Bijapur, the district headquarters of Bijapur of Karnataka state is a well known for its historical monuments of architectural importance and was built during the rule of the Adil Shahi dynasty. Located about 530 km northwest of Bangalore the city was established in the 10th-11th centuries by the Kalyani Chalukyas and was known as Vijayapura (City of victory).
The city consists of three distinct portions: the citadel, the fort and the remains of the city. The whole is surrounded by a deep moat 30 to 40 ft (12 m) broad.. The ancient splendour of the place is evidenced in the innumerable tombs, mosques, caravanserais and other edifices, which have resisted the havoc of time.
The Gol Gumbaz is the most famous monument in Bijapur. It is the tomb of Mohammed Adil Shah (ruled 1627-1657), is the largest dome ever built. A particular attraction in this monument is the central chamber, where every sound is echoed seven times and the Whispering Gallery, where even a minute sound can be heard clearly 37 metres away. The Archaeological Museum, near Gol Gumbaz, run by the Archaeological Survey has several curious objects like inscriptions, sculptures, paintings, manuscripts, and weapons etc., displayed.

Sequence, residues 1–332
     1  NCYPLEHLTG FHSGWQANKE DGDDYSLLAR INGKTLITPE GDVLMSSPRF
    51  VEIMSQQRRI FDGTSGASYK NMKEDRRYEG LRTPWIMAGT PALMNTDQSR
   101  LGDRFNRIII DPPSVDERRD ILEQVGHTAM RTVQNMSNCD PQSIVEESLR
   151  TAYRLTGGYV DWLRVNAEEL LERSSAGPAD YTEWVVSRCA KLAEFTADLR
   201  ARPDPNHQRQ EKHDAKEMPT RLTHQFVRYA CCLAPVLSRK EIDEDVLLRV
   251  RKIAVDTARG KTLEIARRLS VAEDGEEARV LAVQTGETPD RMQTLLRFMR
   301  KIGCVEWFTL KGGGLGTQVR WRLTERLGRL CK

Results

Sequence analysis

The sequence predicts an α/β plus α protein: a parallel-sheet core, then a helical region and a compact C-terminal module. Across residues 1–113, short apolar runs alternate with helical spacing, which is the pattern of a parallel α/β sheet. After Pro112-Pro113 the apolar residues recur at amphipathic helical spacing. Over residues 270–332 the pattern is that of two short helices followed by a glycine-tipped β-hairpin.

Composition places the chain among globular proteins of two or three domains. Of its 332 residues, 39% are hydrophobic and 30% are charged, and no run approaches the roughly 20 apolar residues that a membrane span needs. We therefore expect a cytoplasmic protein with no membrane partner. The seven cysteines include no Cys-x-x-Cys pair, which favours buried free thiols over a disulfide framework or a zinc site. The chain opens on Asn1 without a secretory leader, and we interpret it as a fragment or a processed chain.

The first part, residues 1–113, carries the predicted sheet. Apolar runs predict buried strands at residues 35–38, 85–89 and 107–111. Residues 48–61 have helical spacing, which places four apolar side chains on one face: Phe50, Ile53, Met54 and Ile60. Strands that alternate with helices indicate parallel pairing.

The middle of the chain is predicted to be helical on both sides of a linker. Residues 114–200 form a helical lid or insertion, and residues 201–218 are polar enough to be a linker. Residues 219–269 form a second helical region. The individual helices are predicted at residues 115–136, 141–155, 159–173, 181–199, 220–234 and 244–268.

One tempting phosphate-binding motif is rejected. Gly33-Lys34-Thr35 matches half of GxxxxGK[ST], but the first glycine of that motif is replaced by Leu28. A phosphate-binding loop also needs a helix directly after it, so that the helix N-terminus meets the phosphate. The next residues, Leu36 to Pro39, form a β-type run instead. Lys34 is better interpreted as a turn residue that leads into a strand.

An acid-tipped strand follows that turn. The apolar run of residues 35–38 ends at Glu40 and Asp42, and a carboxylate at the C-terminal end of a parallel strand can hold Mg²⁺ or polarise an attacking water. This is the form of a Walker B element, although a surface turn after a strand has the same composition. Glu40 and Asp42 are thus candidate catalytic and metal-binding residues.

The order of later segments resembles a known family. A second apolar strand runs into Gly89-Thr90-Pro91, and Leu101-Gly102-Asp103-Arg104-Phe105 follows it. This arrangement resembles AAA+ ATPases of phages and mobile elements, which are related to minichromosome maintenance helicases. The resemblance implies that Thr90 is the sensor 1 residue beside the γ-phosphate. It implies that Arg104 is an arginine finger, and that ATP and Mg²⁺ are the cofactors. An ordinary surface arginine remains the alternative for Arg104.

Ibrahim Rauza, the tomb of Ibrahim Adil Shah II the fifth king of the dynasty, ruled 1580-1627, built on a single rock bed, is an important monument of the place noted for the symmetry of its features. The Malik-e-Maidan or the Monarch of the Plains is the largest medieval cannon in the world, the Upli Buruj, an 80 ft (24 m) high tower standing to the north of Dakhani Idgah in Bijapur, built around 1584 by Hyder Khan, the Chand Bawdi, a tank near eastern boundary of Bijapur built by Ali Adil Shah (1557–1580) are some of the other famous monuments in Bijapur.
Also found in the place are Asar Mahal, built by Mohammed Adil Shah in 1646, which was used as a Hall of Justice; Gagan Mahal or Sky Palace is a 21- meter façade and four wooden massive pillars with a majestic central arch; the Barakaman (Ali Roza-II), the mausoleum of Ali Roza built in 1672; Saat Kabar, meaning sixty graves, the site aptly called as the ‘dark tourist spot’ are few other places worth visiting in Bijapur. This heritage site tells the story of a passionate army chief, Afzal Khan, the army chief of Ali Adil Shah II of the Adil Shahi Dynasty, who killed his 63 wives fearing they would remarry after his death; Ibrahim Rauza, a magnificent tomb and a remarkable mosque enveloped by a garden; Malik-Karim-ud-dins, a Mosque standing at the east of the Chini Mahal and Jami Masjid, the largest and oldest mosque in the Deccan with built by Ali Adil Shah I. The other structures of theplace include, Jala Manjil, the Landa Kasab Gun, Sat-Manzil, Taj Bavadi and Mehatar Mahal. The place also has many mosques Malika Jahan Begam’s Mosque, Malik Sandals Mosque and the Mecca mosque. Some historical temples found in the place are Narasimha temple, popularly called as Narasoba or Narasimha temple, an 85- foot (26 m) tall statue of Lord Shiva and the Torvi Narasimha Temple located 5 km from Bijapur.